Dennis Wamsted, an analyst with the Institute for Energy Economics and Financial Analysis, a pro-renewable think-tank, went a step further.

"It is a very high level, very optimistic, very unlikely to pan out, assessment of carbon capture in Wyoming," he said.

Wamsted said it's a problem that the economic impacts in the report assume the retrofitted coal plants would run until 2055, that enhanced oil recovery would enjoy $60 barrel of oil through that time, and that the coal plants would run at 85 percent capacity throughout that time as well.

"The combination just makes me think that they decided these are the numbers, we have to make this try to pencil out. So, those are the numbers we're going to put in there," he said.

Jason Begger, deputy director of the Wyoming Energy Authority, said the capacity factor was determined based on operational data from the Texas-facility Petra Nova, a coal-fired power plant that ran with carbon capture until this year when it was shut down due to low oil prices.

The report finds that seven of the nine units currently run below 85 percent capacity, but Begger said that would necessarily increase.

"You probably would run that at a much higher capacity than just a regular coal fired power plant, and then also need that higher capacity factor to gain the operational efficiencies necessary at that level," he said.

As for the $60 barrel of oil, Scott Quillinan, director of research at U.W.'s School of Energy Resources, said, "We'd like to just have a few more days to review it, before we can respond to it."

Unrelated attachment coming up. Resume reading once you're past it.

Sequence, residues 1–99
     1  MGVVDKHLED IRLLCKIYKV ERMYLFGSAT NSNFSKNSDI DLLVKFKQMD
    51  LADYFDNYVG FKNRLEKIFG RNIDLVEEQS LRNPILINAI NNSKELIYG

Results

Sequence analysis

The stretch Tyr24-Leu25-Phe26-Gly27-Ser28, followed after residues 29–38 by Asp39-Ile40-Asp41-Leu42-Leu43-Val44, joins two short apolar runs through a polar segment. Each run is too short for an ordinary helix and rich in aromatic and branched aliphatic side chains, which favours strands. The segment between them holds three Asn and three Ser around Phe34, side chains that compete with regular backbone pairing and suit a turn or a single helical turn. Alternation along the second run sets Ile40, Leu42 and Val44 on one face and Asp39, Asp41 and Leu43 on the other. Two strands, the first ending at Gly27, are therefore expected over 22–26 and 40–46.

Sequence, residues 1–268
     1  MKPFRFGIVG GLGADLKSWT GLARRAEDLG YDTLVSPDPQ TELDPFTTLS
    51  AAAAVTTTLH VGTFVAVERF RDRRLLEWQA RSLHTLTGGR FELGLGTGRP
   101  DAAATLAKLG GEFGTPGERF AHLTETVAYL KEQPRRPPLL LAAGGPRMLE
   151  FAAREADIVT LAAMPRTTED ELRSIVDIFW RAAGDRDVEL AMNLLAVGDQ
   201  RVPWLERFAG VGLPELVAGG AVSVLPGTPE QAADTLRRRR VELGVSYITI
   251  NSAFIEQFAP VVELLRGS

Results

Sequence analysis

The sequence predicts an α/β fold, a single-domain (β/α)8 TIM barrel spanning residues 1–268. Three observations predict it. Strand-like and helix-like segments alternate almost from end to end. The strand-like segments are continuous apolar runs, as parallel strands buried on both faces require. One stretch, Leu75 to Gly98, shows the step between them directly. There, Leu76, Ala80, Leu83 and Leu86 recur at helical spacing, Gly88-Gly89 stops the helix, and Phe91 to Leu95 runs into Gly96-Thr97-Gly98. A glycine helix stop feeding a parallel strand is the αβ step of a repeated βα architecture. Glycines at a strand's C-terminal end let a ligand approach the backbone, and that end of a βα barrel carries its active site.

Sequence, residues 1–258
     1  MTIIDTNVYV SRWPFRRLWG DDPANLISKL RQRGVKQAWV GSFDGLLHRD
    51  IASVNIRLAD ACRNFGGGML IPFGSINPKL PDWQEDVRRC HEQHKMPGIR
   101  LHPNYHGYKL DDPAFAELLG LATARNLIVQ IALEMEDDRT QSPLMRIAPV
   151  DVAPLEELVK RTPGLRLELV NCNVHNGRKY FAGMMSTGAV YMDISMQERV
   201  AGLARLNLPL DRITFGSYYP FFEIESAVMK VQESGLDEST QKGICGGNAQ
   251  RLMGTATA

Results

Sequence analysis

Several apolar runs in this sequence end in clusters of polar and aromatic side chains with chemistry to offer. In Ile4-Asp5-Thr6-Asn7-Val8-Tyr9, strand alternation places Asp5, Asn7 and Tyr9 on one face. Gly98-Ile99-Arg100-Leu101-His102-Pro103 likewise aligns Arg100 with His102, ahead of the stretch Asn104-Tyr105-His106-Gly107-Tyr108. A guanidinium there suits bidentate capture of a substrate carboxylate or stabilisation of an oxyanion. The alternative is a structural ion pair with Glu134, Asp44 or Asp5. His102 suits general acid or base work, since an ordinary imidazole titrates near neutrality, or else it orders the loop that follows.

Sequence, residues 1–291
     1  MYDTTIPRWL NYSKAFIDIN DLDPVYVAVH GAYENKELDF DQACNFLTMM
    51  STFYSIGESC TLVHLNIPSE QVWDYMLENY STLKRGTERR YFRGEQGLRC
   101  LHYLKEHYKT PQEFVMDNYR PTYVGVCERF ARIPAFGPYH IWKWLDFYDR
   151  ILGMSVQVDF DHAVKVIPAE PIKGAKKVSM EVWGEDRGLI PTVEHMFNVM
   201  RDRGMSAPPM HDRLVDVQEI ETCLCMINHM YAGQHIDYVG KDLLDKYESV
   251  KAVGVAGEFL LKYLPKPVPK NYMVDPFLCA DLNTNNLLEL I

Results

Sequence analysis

Begger said the lower oil prices of the past few months are a function of the pandemic and aren't a true indication of where prices would settle out for years to come. The price of oil today sits at $41.30.

Rob Godby, energy economist, said it might have helped to have expanded the range of its assumptions rather than set specific numbers.

"Minimally, they probably should have run some scenarios for more pessimistic market conditions as well as the very optimistic market conditions that they considered," he said.

In their statement, Spencer Hall with Pacificorp said carbon capture hasn't been considered a viable option given it's only been installed at a small number of facilities nationwide. He clarified it's only been utilized at Petra Nova in Texas.

Gov. Mark Gordon responded to a question about that facility's closure by saying carbon capture may follow in the footsteps of wind energy, which took years to get off the ground.

"Fast forward to the last several years and see, as these pinwheels start showing up in the West, how much more economically viable they are," he said. "I think the point is that any new first moving generation does take some time. It doesn't mean that we surrender the opportunity to move forward and improve and bring costs down."

Begger said Wyoming did not pay for the report. It stemmed from a conversation between Gordon and U.S. Department of Energy's Deputy Assistant Secretary for Clean Coal and Carbon Management Lou Hrkman 14 months ago.

The state also announced the U.S. Environmental Protection Agency has granted it primacy over Class VI wells. In other words, the state has more control over the sequestration process in carbon capture utilization and sequestration.

Have a question about this story? Please contact the reporter, Cooper McKim, at cmckim5@uwyo.edu.

Before Wyoming, Cooper McKim has reported for NPR stations in Connecticut, Massachusetts, and South Carolina. He's reported breaking news segments and features for several national NPR news programs. Cooper is the host of the limited podcast series Carbon Valley. Cooper studied Environmental Policy and Music. He's an avid jazz piano player, backpacker, and podcast listener.